Protecting small businesses and our community spaces is personal for me. I get my groceries from the Viet-Wah down the street. A lot of people don't know this, but Vietnamese people and Nigerian people have a lot of food in common. Each time I go there, I feel like I am walking through the market back in Nigeria. Small businesses provide me a safe space and a connection to home. We need to ensure that small businesses also have a safe space to thrive.

  • Create a small business fund to ensure small businesses can recover from damages and break-ins.

  • Ensure that people feel safe to walk around in our neighborhood, cross Rainier Ave S, or walk from the light rail stop. People will opt to take their businesses elsewhere if they don't feel like they can safely get to the shop.

When I lived in Chicago, I experienced gun violence on a daily basis. I had to learn when it was safe to leave the house to go to the grocery store, where there were safe spaces to hide, and how to lie down to avoid bullets. I don't want anyone to go through that, especially our youth, but I know that gun violence is on the rise in our district.

  • Create a holistic and restorative process around at-risk youth. We must support diversion strategies such as Choose 180. 

  • Create a strong school-to-work pipeline. 2-year community college should be free for those who want to pursue a degree, to give everyone equal access and opportunity to education. College isn't for everyone, so we must also support pathways to trade schools and apprenticeships. 

  • Invest in youth development programs and centers. In Nigeria, I was part of the initiative to create a youth development project that brought technological training to rural areas. It put youth in safer environments and helped them build skills, which in turn brought economic stability.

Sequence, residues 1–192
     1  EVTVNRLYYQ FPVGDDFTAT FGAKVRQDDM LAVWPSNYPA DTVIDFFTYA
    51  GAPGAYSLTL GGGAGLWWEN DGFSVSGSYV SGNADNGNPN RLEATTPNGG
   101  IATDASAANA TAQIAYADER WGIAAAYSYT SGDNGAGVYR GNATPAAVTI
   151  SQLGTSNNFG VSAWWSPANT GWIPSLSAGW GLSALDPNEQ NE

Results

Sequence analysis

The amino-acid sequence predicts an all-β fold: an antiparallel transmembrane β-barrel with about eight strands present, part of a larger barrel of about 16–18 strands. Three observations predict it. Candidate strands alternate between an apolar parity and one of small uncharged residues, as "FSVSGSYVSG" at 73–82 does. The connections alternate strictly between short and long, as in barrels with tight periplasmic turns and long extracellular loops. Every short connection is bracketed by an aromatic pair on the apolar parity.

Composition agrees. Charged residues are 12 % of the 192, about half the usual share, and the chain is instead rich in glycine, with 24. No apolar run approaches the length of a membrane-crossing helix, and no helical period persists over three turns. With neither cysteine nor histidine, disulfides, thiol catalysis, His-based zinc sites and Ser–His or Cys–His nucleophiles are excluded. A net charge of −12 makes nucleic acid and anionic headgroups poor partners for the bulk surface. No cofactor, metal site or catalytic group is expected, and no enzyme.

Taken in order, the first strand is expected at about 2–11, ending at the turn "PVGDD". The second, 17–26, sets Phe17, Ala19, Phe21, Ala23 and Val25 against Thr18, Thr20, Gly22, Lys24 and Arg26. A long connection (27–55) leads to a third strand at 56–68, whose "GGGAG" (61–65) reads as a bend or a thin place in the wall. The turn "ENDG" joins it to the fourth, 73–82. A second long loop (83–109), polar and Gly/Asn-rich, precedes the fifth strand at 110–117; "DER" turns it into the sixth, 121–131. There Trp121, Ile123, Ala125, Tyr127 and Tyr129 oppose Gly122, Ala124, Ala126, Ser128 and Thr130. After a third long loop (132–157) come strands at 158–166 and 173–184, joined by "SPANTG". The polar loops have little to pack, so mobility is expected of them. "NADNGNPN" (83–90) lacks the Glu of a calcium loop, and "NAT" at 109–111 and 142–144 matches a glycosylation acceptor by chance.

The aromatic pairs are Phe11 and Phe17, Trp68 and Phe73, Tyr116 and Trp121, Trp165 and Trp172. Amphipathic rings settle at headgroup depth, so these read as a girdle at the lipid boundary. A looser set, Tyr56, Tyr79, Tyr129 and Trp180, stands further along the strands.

• Build a wrap-around with Intensive Services programs.

We can only solve these problems by investing in our community, not jailing our community. I live right across the street from the new youth jail, and it breaks my heart to see money being used to keep young people from what they need most: their families and communities. In order to break the cycle of poverty, we have to ensure that there is hope and a path for a safe and secure future. Local organizations such as Choose 180 and Fathers and Sons Together (FAST) model how we might strengthen our communities rather than break them apart.

  • Reform law enforcement to restore community trust. Through my role on the LGBTQ+ Commission, I pushed for more police accountability and transparency. 

  • Increase civilian involvement. 

  • Invest in education and training for Black and Indigenous people to become crisis responders. 

  • Create a crisis response program under 911 that centers around resolving mental health crises non-violently. Seattle has proposed a program modeled after CAHOOTS (Crisis Assistance Helping Out On the Streets), which has been wildly successful in Eugene, Oregon. 

  • Support Community Courts to give low-level offenders support and a chance to choose a different path. Many re-offenders do so because they lack a strong social safety net. Community courts will connect people to services, ensure they can find work and housing, and provide navigators for our complex legal system.


As an excited youth, I moved to Chicago for a new job, giving up everything I knew to start a new life. I only had a single suitcase and a backpack, both full of hope. But the economic crisis hit, and three days before I was to start at my new job, the job offer was rescinded.


I had no family support because I had just come out. With no job and no community in a strange land, I became unhoused.